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Press Release No. 03/18
February 21, 2003
International Monetary Fund
700 19th Street, NW
Washington, D.C. 20431 USA

IMF Completes in Principle Second Review Under the Three-Year Poverty Reduction and Growth Facility Arrangement and Approves Request for Waiver of Performance Criterion for the Kyrgyz Republic

The Executive Board of the International Monetary Fund (IMF) today completed the second review of the Kyrgyz Republic's economic performance under the three-year Poverty Reduction and Growth Facility Arrangement (PRGF) and approved a request for a waiver for the nonobservance of the continuous performance criterion on external payments arrears. A final decision by the Executive Board is pending discussion of the Kyrgyz Republic's Poverty Reduction Strategy Paper, entitled National Poverty Reduction Strategy, by the World Bank's Executive Board. The final decision will enable the IMF to disburse an amount equivalent to SDR 11.72 million (about US$16 million) under the arrangement.

The IMF's Executive Board approved the three-year arrangement effective on December 6, 2001 (see Press Release No. 01/49) for a total of SDR 73.4 million (about US$100 million).

The PRGF is the IMF's concessional facility for low-income countries. It is intended that PRGF-supported programs will in time be based on country-owned poverty reduction strategies adopted in a participatory process involving civil society and development partners, and articulated in a Poverty Reduction Strategy Paper (PRSP). This is intended to ensure that each PRGF-supported program is consistent with a comprehensive framework for macroeconomic, structural, and social policies to foster growth and reduce poverty.

Following the discussion of the Executive Board, Eduardo Aninat, Deputy Managing Director, and Acting Chairman, said:

"The Kyrgyz Republic has made good progress in macroeconomic stabilization, which provides a promising base for the government's ambitious medium-term economic strategy. Prudent fiscal and monetary policies have brought down inflation and helped to stabilize the foreign exchange markets. Real GDP, which declined in 2002, is projected to return to growth in 2003. Important structural reforms to sustain growth and reduce poverty are underway.

"The medium-term challenges are demanding, however. These include the need to further reduce poverty and the external debt level, and to diversify the economy in light of the prospect of declining gold production and exports. Strong structural policies to support productivity growth and improve cost competitiveness are crucial in order to strengthen non-gold exports. The authorities will need to devote special attention to further reforms in the areas of governance and banking, which will be particularly important to support private investment and economic diversification.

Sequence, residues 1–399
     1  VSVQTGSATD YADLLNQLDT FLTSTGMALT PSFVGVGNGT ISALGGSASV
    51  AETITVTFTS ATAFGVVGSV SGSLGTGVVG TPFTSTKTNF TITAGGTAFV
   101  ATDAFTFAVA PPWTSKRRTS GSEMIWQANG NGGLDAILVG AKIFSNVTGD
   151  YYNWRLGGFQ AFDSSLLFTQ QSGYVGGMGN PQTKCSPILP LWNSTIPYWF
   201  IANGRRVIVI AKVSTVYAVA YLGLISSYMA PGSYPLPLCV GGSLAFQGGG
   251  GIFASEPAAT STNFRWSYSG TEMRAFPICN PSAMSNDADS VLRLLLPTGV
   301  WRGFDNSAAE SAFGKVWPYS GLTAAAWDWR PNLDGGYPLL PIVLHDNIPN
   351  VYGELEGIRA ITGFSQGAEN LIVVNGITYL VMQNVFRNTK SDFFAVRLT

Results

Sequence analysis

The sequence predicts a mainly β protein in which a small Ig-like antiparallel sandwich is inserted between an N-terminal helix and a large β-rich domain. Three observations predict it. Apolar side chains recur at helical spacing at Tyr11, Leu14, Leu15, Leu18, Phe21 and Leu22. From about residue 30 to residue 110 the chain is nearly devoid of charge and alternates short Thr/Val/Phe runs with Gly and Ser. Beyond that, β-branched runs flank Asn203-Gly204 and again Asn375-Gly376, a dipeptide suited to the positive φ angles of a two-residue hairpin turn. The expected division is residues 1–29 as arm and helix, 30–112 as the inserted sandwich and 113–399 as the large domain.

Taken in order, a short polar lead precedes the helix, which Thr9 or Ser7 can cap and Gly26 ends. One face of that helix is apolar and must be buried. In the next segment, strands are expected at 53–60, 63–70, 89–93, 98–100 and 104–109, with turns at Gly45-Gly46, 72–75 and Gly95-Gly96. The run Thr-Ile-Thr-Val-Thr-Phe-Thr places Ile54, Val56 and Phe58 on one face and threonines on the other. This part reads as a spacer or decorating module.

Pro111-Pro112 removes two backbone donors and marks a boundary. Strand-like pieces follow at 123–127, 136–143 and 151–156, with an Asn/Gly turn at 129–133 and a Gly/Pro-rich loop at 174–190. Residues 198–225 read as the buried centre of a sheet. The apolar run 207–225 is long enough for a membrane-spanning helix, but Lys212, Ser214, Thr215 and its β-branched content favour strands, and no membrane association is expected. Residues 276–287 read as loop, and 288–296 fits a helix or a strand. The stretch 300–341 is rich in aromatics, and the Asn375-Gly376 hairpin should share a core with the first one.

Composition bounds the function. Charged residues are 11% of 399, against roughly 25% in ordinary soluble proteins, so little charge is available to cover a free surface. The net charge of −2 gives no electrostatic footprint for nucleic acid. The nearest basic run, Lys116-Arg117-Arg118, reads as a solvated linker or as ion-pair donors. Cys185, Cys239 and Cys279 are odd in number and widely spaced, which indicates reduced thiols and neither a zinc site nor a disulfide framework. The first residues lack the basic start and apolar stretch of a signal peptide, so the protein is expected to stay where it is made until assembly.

"Fiscal consolidation, together with the support of international creditors and donors, will be important to bring the external debt to more sustainable levels. Raising revenues through better tax administration and a broadening of the tax base is needed, as the room for spending cuts is limited. On the expenditure side, the streamlining of the Public Investment Program will free resources that can be devoted to social spending and poverty reduction efforts.

"Monetary policy has been successful in containing inflation while allowing remonetization of the economy, and the exchange rate policy of managed floating has prevented excessive nominal appreciation. The central bank stands ready to react promptly to any signs of accelerating inflation.

"The authorities are to be commended for completing the rescheduling agreements with all Paris Club creditors. It is to be hoped that the remaining negotiations with non-Paris Club creditors will be finalized soon and on comparable terms.

"The comprehensive approach to poverty reduction contained in the Kyrgyz Republic's National Poverty Reduction Strategy (NPRS) document supports well the ambitious medium- term macroeconomic strategy. The NPRS will be updated, with a focus on refining costing and prioritization policies and improving the monitoring and evaluation mechanisms," Mr. Aninat said.




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